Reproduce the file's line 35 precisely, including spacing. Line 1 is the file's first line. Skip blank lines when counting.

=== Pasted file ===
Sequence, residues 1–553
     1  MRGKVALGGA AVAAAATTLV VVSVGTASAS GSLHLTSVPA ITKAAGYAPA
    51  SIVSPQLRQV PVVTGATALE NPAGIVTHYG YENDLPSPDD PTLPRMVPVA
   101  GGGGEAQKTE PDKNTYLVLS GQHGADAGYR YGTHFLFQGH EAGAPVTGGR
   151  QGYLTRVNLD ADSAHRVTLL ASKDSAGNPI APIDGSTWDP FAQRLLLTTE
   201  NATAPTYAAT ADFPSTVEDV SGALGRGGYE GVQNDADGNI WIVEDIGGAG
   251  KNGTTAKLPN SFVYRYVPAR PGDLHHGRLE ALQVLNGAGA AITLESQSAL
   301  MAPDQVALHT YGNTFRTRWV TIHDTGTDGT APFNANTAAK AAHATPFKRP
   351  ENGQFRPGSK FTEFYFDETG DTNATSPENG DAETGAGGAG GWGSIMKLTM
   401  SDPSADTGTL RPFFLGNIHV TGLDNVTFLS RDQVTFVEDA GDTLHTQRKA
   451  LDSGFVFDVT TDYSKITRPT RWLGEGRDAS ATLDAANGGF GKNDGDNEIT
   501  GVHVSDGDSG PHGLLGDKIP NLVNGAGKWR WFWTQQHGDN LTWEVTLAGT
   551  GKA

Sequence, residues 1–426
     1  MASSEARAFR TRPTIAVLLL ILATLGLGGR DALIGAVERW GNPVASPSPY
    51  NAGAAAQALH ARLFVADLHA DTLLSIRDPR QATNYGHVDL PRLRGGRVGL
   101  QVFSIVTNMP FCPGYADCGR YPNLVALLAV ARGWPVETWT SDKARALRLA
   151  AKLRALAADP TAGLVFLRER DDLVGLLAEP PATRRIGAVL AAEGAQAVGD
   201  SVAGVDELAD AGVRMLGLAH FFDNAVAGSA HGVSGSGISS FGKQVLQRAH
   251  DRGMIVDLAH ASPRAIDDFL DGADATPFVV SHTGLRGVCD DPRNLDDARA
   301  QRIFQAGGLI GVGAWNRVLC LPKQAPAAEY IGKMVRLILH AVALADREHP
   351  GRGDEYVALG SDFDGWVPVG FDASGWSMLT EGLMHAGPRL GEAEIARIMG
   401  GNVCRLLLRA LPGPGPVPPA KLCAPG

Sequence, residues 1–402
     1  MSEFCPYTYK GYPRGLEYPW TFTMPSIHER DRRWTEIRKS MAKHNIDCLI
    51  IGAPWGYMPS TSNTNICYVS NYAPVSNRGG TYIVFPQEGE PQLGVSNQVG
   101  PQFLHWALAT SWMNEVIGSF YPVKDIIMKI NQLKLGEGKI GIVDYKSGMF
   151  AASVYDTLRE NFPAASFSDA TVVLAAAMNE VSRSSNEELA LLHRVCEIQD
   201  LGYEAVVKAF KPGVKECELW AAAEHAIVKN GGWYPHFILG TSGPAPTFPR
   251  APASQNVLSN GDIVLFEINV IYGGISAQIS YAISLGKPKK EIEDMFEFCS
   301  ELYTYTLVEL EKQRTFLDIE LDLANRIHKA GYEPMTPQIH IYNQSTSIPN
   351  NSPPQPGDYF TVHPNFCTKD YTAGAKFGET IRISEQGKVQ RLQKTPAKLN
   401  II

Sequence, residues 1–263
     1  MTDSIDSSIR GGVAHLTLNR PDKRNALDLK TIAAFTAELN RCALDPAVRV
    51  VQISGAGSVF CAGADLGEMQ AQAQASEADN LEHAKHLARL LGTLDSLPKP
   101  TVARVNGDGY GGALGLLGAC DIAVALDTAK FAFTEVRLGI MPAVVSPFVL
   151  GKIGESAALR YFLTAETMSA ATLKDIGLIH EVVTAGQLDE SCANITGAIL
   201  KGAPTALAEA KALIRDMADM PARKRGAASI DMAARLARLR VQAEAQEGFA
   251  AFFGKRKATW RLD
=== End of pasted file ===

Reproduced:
     1  MTDSIDSSIR GGVAHLTLNR PDKRNALDLK TIAAFTAELN RCALDPAVRV